The Iraqi Government will confront a high level of societal discontent, institutional weakness, and deep-seated divisions, as well as protests over a lack of services, high unemployment, and political corruption. Baghdad lacks the resources or institutional capacity to address longstanding economic development and basic services challenges, and it faces reconstruction costs in the aftermath of the counter-ISIS campaign, estimated by the World Bank at $88 billion. Iraq’s Kurdistan region is still dealing with political discontent over economic and territorial losses to Baghdad last year.
ISIS remains a terrorist and insurgent threat and will seek to exploit Sunni grievances with Baghdad and societal instability to eventually regain Iraqi territory against Iraqi security forces that are stretched thin.
Iraqi Shia militants conducted several attacks against US diplomatic facilities in Iraq in September and December 2018. Militias—some of which are also part of the Iraqi Government Popular Mobilization Committee—plan to use newfound political power gained through positions in the new government to reduce or remove the US military presence while competing with the Iraqi security forces for state resources.
So are his warnings about Iran – which at best can be counted on to present a continuing political challenge to any future U.S. role in Iraq,
“We assess that Iran will attempt to translate battlefield gains in Iraq and Syria into long-term political, security, social, and economic influence while continuing to press Saudi Arabia and the UAE by supporting the Huthis in Yemen.”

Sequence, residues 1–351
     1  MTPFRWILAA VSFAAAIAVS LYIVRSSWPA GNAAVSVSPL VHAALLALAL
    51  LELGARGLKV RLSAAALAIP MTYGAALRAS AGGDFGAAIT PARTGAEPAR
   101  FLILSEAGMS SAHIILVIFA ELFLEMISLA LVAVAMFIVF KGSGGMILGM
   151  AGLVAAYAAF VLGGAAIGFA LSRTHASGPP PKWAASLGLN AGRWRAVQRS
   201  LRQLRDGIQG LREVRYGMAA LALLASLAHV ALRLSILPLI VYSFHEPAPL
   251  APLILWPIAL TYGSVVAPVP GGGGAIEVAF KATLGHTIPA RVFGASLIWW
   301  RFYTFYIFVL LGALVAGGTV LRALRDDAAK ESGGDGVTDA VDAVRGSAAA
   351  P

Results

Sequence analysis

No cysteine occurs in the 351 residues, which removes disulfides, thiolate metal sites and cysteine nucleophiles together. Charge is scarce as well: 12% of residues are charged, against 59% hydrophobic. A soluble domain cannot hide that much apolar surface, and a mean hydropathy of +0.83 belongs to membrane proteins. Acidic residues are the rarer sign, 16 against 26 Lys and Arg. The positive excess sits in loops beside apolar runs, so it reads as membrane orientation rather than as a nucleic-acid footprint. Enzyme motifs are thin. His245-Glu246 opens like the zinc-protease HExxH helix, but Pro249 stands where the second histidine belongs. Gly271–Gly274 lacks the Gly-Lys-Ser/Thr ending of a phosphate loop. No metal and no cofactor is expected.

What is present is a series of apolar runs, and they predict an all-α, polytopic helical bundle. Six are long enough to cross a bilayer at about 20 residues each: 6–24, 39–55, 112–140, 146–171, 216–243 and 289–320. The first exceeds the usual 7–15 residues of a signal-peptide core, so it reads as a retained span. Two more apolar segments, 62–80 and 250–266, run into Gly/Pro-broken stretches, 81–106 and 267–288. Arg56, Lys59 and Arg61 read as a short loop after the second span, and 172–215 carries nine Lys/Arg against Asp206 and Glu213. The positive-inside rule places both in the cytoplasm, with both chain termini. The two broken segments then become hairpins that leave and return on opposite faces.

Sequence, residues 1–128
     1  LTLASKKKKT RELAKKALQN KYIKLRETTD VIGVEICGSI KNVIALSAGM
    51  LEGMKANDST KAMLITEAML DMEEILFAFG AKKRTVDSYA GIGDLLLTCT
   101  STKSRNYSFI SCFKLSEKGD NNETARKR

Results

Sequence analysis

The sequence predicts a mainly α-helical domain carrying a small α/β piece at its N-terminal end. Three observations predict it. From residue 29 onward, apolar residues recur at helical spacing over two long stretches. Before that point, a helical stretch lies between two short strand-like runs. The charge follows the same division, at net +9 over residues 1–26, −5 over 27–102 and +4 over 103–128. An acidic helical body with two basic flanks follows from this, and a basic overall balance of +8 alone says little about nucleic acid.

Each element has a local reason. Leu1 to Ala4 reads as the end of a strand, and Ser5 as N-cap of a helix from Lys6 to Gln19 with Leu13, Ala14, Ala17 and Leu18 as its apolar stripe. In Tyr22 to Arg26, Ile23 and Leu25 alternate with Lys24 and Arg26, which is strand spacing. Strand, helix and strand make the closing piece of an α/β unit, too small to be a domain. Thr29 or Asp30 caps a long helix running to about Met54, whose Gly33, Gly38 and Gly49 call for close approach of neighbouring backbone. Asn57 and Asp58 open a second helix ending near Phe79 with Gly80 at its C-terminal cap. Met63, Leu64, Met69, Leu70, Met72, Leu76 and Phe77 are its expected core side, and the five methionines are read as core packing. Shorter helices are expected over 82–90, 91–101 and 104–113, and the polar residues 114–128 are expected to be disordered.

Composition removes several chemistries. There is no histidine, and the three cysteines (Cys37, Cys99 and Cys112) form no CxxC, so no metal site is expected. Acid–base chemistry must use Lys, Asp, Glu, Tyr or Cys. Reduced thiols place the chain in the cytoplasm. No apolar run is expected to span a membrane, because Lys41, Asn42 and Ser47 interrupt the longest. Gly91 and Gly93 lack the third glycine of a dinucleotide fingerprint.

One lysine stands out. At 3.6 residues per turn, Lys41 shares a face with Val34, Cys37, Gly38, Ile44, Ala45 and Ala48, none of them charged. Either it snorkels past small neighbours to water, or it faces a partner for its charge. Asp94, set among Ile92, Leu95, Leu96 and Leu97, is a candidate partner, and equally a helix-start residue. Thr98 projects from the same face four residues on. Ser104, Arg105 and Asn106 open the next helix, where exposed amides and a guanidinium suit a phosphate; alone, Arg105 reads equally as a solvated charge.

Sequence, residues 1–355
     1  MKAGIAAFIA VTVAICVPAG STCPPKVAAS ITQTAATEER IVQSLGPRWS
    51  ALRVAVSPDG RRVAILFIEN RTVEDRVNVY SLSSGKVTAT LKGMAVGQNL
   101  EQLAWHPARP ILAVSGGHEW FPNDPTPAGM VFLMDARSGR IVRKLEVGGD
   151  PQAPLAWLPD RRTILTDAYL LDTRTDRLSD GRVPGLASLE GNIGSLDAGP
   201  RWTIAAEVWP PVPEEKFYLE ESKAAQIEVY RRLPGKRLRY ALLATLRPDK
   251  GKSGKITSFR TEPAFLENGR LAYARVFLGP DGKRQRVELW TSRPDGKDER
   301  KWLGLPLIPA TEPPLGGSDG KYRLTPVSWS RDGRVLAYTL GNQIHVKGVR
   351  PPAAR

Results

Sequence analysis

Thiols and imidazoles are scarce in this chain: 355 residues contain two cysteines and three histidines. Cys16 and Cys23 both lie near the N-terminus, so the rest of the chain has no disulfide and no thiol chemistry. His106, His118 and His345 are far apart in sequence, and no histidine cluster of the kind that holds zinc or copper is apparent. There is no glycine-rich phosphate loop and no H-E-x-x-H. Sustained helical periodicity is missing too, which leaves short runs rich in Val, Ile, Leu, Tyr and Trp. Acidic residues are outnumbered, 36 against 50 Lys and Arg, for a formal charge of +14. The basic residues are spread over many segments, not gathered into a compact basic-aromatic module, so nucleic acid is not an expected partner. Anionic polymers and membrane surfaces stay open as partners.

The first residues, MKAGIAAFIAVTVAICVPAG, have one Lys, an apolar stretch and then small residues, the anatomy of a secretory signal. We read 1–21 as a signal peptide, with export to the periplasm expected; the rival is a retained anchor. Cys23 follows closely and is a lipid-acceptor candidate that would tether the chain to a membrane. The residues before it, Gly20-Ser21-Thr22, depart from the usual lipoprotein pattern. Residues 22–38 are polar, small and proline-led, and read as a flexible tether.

In Iraq, Iran-supported Popular Mobilization Committee-affiliated Shia militias remain the primary threat to US personnel, and we expect that threat to increase as the threat ISIS poses to the militias recedes, Iraqi Government formation concludes, some Iran-backed groups call for the United States to withdraw, and tension between Iran and the United States grows. We continue to watch for signs that the regime might direct its proxies and partners in Iraq to attack US interests.
The U.S. will face further problems in dealing with Turkey, Russia, and probably China. Erdogan has increasingly relied on state terrorism to enhance his power in Turkey, and on using the Kurds as an excuse to expand Turkey’s influence and his own Islamic agenda. He is likely to put as much pressure on Iraq and the U.S. over the Kurdish issue in Iraq as he has applied in Syria.
Russia will probably exploit any opportunity to gain influence in Iraq and weaken the U.S. position, and is already competing with the U.S. to provide arms transfers to Iraq. SIPIRI estimates that Russia provided 20% of all Iraq arms imports between 2012 and 2017 versus 57% from the U.S. and the CRS reports that Russia has discussed much larger sales – many of which would require Russian in-country support.
The new U.S. National Security Strategy issued in 2017 and 2018 calls for a U.S. focus on the threat from both Russia and China, and Arab sources indicate that China has already become more active in seeking to expand its influence in Iraq. Even some Iraqis who do support strong ties to the U.S. already see Russia and China as ways of countering over-dependence on the U.S